The authors admit that they have been strongly influenced by the magisterial ten-volume Course of Theoretical Physics — published by Lev Landau and Evgeny Lifshitz between the 1950s and the 1980s — and by The Feynman Lecture on Physics, first published in 1964. Their approach is a synthesis of these: the rigour and authority of Landau and Lifshitz, and the more intuitive arguments and flashes of insight of Richard Feynman. A plethora of hints, analogies, careful explanations and cross-references aid understanding. I particularly applaud the close attention to the realms of validity of the theoretical infrastructures that the authors create in parameter space. Also to be strongly welcomed is their inclusion of a number of topics that tend to be squeezed out of physics courses — elasticity, stress–strain relations, plasma physics and magnetohydrodynamics are a few examples.
The mathematical framework set out in Chapter 1 provides the coherence. The approach is strongly geometrically based: geometrical objects represent physical variables, what the authors refer to as coordinate-free tensor algebra. Although this is familiar to contemporary applied mathematicians and theoretical physicists, it may well be new territory for some classical-physics lecturers. Throughout most of the book, the mathematical essentials could be appreciated without adopting that approach, but its advantages are considerable when the authors discuss the fields in which they are international leaders — general relativity, black holes and high-energy astrophysics.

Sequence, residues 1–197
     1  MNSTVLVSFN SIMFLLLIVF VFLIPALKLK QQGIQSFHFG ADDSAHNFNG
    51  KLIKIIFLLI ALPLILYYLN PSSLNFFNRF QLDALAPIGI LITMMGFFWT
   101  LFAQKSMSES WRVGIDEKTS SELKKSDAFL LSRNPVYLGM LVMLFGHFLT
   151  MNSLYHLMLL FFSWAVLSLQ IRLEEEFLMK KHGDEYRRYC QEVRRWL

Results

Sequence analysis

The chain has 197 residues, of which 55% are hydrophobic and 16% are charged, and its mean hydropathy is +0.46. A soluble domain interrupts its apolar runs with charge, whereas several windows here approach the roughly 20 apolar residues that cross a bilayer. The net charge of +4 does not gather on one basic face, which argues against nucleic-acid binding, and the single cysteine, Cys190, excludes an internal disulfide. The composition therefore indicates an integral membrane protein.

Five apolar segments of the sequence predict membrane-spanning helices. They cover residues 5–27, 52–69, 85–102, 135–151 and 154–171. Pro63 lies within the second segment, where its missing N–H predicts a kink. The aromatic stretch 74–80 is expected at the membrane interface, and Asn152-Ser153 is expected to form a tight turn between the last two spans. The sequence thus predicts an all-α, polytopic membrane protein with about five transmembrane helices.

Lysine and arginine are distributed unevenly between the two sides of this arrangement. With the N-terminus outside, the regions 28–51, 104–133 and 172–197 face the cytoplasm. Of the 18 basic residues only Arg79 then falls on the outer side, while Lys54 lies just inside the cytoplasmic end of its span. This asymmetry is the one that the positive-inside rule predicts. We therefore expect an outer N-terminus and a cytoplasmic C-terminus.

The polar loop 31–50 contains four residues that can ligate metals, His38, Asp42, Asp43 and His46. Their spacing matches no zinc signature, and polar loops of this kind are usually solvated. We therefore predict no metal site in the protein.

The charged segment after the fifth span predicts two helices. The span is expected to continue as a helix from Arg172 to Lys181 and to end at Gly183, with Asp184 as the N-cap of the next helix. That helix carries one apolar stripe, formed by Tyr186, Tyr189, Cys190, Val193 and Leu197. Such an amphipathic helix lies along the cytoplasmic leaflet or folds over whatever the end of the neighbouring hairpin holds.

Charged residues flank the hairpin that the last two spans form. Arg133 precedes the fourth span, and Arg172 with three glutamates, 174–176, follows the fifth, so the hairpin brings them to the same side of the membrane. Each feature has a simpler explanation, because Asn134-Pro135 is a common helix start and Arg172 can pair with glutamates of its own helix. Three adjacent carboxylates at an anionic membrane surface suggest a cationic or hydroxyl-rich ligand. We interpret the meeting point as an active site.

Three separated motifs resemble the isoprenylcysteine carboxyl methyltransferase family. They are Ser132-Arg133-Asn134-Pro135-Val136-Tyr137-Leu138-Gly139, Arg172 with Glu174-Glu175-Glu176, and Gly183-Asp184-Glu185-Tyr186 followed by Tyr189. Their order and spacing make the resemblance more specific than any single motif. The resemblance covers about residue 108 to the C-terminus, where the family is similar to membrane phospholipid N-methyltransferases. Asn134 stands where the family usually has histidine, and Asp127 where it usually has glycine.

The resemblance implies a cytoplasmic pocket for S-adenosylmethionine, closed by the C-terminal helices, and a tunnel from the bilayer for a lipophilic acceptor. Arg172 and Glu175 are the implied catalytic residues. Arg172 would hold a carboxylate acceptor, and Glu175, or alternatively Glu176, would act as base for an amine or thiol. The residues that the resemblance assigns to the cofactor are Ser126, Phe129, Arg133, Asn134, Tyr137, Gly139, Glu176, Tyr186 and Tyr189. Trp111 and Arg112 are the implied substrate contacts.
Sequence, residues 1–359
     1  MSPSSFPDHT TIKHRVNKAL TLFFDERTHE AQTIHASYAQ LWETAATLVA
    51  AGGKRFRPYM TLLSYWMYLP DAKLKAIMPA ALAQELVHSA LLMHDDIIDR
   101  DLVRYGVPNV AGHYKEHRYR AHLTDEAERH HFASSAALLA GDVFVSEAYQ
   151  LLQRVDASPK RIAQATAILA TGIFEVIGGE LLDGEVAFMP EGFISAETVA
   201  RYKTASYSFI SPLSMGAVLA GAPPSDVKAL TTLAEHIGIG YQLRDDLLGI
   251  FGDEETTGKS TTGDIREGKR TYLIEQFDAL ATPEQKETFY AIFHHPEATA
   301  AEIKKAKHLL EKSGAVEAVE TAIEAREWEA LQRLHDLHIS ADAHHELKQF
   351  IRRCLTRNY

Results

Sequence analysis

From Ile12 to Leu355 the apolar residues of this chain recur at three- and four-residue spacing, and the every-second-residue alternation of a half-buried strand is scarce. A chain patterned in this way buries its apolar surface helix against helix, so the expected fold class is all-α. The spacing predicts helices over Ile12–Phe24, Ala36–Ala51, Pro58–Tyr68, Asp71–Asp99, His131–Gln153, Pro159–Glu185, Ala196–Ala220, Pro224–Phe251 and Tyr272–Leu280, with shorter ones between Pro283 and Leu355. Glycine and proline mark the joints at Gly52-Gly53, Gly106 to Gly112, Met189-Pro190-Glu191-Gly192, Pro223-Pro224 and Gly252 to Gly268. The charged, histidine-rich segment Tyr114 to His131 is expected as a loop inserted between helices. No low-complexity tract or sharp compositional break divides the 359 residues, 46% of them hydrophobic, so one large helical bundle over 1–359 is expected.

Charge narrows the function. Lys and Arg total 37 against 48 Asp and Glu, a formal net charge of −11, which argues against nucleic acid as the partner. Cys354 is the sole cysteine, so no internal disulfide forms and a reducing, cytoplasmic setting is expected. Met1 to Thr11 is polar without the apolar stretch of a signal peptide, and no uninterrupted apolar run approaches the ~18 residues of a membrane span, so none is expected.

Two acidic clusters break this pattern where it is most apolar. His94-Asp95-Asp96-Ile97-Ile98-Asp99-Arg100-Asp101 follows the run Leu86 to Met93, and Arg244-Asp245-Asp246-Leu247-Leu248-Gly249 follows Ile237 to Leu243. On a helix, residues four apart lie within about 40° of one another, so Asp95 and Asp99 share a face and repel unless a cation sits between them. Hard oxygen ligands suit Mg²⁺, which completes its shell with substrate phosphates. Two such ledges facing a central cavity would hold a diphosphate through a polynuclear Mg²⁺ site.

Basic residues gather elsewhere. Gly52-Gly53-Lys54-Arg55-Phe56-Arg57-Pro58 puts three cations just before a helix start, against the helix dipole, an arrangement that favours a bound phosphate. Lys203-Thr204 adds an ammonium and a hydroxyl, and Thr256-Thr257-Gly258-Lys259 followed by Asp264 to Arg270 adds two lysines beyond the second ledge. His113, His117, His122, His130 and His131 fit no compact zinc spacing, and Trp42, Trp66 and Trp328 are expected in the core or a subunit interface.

All that said, I was constantly thinking about how I would have presented the same material using more elementary techniques. In my view, simpler, perhaps more intuitive, approaches can help students to appreciate the greater power of the methods adopted in this book, and would reinforce the new graduate student's capacity to master the material. For instance, Thorne and Blandford's geometrical approach leads directly to the invariant number density of states in phase space in relativity. I derive the same result more primitively, by considering the various aberration effects involved in observing a relativistically moving black body; in this way, the student appreciates more about aberration effects in relativity, as well as about a key relativistic invariant. This is not a criticism, but rather an example of the advantages of adopting multiple approaches.
The book becomes more demanding as it progresses through the subjects. The final section, on general relativity, is perhaps the most challenging, as the authors are well aware. However, their many insights are certainly worth the effort, for example in understanding the physics close to the event horizon of a rotating black hole. In the final chapter, they drop their pedagogical mantle and bring everything together in a synthesis of understanding of contemporary cosmology. This is authoritative and should be supplemented by the many excellent books on the subject — there is a vast amount of detailed physics to be mastered.
How is this book going to be used? Many separate courses could be created from it. I suspect that, as with the Feynman lectures, professors will love the approach, whereas most students will appreciate its brilliance only once they have assimilated the material through independent reading. That is what I recommend: take one of the sections and enrich it with supplementary reading (the authors make ample suggestions). Then repeat the process several times, with a progressively deeper understanding each time.